Dr Joaquín Vierna has collaborated with researchers from Argentina, Chile, and the USA who together have unveiled that northern populations correspond to a new incipient species.
AllGenetics collaborated in a study (along with researchers from Consejo Nacional de Investigaciones Científicas y Técnicas -CONICET-, Universidad Nacional de la Patagonia San Juan Bosco -UNPSJB-, EcoGen Ecología y Genética Ambiental SpA, Ecogestión Ambiental Ltda, and Illinois Natural History Survey) which has just been published in the journal Organisms Diversity & Evolution. In this work, led by Dr Federico Márquez, the authors studied the genetic and morphometric variation of the razor shell Ensis macha (Molina, 1792) throughout its entire geographic distribution.
At AllGenetics, we used DNA barcoding and low-coverage high-throughput sequencing assembled with aTRAM 2.3.0 to study genetic variation of E. macha populations from Peru, Chile, and Argentina. This species is one of the most significant shellfish resources in South America and studying the patterns of genetic variation is of utmost importance to sustainably manage the populations.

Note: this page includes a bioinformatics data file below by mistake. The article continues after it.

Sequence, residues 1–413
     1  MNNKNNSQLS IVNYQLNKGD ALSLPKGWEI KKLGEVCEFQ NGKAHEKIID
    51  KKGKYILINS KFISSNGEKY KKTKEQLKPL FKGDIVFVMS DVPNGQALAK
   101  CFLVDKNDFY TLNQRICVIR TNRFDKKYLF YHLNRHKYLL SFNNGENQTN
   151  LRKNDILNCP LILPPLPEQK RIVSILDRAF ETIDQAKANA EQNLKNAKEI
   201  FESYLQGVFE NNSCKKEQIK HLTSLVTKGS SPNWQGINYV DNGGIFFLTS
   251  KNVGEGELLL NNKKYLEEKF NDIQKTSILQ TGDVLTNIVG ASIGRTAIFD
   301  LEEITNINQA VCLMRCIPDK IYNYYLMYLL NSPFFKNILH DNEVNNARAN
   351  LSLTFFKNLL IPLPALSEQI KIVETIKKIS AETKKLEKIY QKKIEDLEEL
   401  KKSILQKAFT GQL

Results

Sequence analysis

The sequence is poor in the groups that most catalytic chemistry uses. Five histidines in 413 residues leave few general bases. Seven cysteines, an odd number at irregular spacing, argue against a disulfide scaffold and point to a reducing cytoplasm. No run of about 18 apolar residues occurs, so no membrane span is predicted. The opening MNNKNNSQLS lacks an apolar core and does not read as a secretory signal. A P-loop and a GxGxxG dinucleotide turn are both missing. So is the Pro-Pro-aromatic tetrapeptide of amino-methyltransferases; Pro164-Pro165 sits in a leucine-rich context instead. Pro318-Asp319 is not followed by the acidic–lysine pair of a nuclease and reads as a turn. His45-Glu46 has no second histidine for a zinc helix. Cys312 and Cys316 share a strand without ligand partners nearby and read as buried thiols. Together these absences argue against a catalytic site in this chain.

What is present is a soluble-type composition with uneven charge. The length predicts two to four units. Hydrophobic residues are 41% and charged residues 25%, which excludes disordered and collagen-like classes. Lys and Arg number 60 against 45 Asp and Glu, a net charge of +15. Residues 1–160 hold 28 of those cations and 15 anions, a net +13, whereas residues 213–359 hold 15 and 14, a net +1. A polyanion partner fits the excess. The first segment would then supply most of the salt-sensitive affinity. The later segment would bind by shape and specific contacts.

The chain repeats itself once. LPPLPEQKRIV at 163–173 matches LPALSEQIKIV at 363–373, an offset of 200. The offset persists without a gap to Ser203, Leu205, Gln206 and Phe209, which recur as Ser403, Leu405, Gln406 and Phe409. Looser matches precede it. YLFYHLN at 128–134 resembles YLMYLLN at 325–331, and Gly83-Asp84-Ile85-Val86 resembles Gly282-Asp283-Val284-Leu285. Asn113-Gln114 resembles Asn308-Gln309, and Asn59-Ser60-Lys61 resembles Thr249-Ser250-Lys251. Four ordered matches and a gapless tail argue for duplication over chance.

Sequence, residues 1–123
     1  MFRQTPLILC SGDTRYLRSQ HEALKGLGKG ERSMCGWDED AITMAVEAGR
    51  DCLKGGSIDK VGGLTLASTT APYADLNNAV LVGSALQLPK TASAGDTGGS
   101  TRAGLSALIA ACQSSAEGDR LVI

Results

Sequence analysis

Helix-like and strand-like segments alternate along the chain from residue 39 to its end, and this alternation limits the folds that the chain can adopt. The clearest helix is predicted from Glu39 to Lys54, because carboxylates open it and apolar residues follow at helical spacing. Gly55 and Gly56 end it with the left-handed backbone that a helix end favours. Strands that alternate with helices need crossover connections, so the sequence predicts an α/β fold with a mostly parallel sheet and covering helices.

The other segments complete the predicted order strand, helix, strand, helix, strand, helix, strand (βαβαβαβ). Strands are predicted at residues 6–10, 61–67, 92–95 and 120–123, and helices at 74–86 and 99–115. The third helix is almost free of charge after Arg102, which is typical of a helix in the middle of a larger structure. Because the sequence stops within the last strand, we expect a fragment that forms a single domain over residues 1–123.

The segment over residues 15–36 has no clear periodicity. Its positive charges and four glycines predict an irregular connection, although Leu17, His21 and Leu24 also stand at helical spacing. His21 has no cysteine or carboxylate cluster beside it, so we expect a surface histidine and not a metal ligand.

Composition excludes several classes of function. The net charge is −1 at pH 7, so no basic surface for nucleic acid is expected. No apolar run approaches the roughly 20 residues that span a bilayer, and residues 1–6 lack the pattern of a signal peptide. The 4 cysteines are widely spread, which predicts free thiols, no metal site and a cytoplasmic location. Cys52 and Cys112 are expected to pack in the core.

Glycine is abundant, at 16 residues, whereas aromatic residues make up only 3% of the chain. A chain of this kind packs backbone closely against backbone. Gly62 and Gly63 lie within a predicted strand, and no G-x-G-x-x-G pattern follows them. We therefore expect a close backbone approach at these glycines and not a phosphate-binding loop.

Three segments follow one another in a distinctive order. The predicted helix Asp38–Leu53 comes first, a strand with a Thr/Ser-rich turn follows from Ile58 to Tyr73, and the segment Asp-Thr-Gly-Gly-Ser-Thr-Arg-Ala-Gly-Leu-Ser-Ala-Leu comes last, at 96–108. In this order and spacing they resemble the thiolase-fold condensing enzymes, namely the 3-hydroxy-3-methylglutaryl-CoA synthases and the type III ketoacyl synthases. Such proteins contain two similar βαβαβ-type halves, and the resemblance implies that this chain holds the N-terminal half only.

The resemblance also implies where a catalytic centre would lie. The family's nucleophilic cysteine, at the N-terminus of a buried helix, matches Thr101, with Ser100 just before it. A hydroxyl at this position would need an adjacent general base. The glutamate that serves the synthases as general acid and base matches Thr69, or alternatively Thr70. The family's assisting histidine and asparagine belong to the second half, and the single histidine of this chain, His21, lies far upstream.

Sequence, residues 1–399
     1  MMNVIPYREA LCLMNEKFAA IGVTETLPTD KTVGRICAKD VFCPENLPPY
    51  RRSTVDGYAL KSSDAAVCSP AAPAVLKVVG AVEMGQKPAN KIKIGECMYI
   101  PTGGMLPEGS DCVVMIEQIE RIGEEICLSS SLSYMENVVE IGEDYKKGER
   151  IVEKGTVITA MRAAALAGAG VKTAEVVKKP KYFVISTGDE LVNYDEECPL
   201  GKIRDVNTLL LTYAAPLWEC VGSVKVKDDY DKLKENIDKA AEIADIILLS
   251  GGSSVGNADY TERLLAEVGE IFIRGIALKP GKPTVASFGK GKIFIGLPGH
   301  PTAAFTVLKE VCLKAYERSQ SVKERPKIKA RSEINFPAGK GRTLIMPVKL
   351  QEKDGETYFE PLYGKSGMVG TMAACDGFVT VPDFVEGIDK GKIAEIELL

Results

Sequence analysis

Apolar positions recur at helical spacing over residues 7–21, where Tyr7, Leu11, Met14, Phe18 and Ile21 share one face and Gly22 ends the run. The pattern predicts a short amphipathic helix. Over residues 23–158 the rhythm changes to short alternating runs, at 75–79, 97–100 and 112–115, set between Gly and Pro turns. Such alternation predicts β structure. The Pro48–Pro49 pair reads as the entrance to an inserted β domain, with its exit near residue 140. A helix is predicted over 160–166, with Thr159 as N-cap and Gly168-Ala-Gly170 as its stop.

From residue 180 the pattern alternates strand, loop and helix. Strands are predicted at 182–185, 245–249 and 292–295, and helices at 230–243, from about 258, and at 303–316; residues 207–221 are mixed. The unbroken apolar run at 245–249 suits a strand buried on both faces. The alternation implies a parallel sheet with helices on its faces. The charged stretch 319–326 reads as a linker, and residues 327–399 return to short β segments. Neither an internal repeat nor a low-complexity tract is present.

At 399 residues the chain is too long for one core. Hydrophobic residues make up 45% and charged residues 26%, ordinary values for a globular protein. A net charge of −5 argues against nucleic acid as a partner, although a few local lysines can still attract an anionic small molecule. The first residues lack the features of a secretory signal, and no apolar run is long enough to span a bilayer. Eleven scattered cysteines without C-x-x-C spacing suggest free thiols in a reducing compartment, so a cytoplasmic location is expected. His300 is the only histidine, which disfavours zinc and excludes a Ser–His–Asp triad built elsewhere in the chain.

One of the main results of the article is that the individuals from Trujillo (Peru) and Dichato (Chile) belong to a separate clade. Therefore, the authors suggest that “to make our results useful in the management of the E. macha fisheries and help to preserve the biological diversity of these razor clams, a taxonomic revision should be carried out and a species name should be provided for the Northern clade”.
At AllGenetics we are very proud to have contributed to this work that highlights the importance of using genomic-based methods to study the diversity of natural populations, especially in organisms with high phenotypic plasticity, such as molluscs.